Nylon quickly melts into globules that adhere to the skin, so nylon attire under a race suit should be avoided. Cotton or wool is a better alternative. Woollen socks are a good idea.  The rules prohibit the use of leather gloves for a good reason, leather is a poor insulator. You should use proper Nomex driving gloves, not the karting look-alikes that are legal but offer little protection in the case of fire.

Helmets are another issue. Although the rules permit motorcycle helmets, and these helmets are arguably more suitable than racing helmets for our competition, these helmets are invariably nylon lined. If you wear a motorcycle helmet, I would strongly advise the use of a nomex balaclava to keep molten nylon away from skin, and should be tucked into the suit. A balaclava is required for long hair or a beard, but is a good idea in any case.

Your racing suit should NOT be worn when working on the car! Any grease, oil, cleaning fluids etc on the suit will reduce the performance of the suit. The oil burns and the suit material acts as a wick. Soiled suits should be cleaned according to the maker’s instructions. The driver should also be kept dry. A wet suit can cause steam burns or scalding to the driver in the event of fire. Here is another reason for a team to have ‘brolly girls’. I know it’s a pain to keep climbing in and out of a race suit, so that’s another reason for choosing a suit with a relaxed fit.

The harness is specified in the rules and I have occasionally been asked why crutch straps must be worn even in cars with an upright seating position. Crutch straps do more than prevent the driver from ‘submarining’ down into the car on a frontal crash (this contributed to the fatal injuries suffered by the Austrian F1 Champion Jochen Rindt).  The forward movement of a driver in a crash causes the shoulder straps to pull the lap belt up from across the driver’s pelvis and over his abdomen. Crutch straps prevent this from occurring.  Many years ago a friend had this happen, rupturing his bladder. He nearly died and there is another lesson here… don’t compete with a full bladder!  Mother Nature causes the ‘nervous piddles’ for a good reason!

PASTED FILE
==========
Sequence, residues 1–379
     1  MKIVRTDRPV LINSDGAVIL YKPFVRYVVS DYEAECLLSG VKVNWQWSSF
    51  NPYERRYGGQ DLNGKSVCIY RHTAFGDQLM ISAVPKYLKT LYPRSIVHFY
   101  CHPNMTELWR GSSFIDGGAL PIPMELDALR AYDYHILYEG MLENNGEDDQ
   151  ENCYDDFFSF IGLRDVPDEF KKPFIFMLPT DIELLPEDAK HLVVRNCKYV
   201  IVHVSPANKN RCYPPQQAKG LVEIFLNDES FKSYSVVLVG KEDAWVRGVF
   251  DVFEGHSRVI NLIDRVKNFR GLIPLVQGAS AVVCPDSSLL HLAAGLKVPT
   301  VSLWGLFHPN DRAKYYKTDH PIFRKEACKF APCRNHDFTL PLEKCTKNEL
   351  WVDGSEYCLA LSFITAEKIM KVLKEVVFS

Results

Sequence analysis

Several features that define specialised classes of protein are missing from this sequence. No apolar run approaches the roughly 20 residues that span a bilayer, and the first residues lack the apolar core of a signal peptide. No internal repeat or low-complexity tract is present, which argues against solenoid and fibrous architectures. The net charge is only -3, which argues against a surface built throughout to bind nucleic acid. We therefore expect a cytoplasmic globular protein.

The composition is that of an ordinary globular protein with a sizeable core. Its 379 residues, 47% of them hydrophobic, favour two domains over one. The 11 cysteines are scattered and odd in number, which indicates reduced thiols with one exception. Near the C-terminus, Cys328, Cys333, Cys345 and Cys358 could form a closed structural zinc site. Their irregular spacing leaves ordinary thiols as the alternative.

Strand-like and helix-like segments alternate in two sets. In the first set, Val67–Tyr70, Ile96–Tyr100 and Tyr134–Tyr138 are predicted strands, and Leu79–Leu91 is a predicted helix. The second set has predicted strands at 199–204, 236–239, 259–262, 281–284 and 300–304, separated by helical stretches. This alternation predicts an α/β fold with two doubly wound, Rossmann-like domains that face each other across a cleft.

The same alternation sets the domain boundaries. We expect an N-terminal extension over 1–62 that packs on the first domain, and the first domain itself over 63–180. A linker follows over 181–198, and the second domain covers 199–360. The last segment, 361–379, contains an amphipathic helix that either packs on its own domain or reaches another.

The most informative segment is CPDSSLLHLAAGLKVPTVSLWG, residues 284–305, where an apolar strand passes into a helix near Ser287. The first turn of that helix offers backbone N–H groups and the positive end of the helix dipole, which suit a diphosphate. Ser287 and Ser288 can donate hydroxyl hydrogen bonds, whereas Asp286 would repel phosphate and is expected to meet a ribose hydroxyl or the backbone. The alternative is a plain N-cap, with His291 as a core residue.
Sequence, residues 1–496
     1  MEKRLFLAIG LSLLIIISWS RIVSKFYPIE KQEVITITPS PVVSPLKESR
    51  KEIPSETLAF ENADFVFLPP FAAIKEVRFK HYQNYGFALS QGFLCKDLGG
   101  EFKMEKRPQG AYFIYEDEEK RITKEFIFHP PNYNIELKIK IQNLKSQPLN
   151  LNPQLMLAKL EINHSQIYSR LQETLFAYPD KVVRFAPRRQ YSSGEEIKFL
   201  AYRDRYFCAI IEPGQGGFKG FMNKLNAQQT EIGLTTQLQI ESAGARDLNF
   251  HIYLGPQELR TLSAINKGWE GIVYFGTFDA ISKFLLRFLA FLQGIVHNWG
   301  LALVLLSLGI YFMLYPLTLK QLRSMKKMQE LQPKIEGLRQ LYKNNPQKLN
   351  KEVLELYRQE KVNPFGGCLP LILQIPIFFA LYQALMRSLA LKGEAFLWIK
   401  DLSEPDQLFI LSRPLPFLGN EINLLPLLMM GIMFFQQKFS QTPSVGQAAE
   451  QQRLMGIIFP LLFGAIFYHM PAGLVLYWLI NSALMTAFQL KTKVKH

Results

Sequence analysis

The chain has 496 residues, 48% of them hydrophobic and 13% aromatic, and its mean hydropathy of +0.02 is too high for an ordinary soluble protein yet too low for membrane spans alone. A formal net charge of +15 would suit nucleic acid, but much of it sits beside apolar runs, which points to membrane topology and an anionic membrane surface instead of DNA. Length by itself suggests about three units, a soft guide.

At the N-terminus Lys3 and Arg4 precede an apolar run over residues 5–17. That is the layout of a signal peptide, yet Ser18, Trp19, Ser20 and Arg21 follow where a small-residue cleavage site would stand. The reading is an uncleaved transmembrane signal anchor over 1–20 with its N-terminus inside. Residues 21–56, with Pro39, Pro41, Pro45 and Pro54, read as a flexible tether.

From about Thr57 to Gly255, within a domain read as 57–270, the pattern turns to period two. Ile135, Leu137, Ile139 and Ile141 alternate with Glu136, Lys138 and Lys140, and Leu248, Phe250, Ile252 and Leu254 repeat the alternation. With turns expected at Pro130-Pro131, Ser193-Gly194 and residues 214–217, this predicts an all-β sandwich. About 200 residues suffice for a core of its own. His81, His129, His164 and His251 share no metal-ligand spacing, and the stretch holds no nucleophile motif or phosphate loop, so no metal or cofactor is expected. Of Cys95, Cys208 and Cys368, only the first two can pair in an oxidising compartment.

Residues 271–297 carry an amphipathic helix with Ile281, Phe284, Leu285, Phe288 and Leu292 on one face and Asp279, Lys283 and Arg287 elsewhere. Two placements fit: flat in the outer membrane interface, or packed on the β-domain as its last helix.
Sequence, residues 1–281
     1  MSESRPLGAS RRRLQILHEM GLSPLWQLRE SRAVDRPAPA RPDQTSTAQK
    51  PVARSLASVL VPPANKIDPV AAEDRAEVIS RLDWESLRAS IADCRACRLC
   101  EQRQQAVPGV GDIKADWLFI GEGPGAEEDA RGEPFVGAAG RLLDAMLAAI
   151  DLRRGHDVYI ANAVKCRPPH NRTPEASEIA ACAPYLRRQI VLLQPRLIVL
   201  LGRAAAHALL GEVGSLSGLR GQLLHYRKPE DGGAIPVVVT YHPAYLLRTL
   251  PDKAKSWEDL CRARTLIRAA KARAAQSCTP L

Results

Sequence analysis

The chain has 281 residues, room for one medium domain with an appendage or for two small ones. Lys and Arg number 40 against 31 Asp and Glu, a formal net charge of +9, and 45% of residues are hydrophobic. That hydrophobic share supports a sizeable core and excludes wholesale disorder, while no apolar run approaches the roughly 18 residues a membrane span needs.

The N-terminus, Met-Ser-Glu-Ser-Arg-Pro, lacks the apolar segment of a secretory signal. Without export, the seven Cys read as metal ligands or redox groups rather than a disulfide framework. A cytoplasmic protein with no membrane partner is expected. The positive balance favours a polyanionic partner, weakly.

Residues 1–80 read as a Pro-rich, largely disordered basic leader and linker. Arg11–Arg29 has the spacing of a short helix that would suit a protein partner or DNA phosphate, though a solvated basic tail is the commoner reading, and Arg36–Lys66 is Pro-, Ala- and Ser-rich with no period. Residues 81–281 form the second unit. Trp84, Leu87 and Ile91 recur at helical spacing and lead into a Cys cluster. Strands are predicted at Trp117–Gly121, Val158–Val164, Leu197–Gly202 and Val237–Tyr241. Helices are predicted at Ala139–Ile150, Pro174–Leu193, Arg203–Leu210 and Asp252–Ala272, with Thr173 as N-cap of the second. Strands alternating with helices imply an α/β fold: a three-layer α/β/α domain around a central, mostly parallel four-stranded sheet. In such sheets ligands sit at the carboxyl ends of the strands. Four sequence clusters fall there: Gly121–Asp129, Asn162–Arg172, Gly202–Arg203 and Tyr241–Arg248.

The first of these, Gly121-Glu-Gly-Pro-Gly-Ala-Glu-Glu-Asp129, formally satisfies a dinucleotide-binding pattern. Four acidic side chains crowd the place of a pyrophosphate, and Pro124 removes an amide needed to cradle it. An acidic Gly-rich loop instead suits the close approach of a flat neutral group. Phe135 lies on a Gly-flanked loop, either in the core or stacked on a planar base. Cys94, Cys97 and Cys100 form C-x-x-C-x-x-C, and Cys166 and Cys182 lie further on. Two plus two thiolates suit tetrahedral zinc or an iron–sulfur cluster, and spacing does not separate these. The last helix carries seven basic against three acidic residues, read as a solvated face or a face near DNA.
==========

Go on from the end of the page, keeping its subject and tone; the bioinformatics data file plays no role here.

The harness should be removed from the car, or at the very least carefully protected, when working on the car. The same warning about soiling on the suit holds double for the harness webbing. Most webbing is made from Nylon 66. While this material is very suitable for belts, it will make a good wick and burn if it is impregnated with oil or grease.

Hopefully this article and the attached pictures will have teams consider their responsibilities in event safety. The rule makers and technical inspectors can only do their best, the real responsibility lies with the team members themselves!

Until next time, good luck to all teams in their preparations for the upcoming events.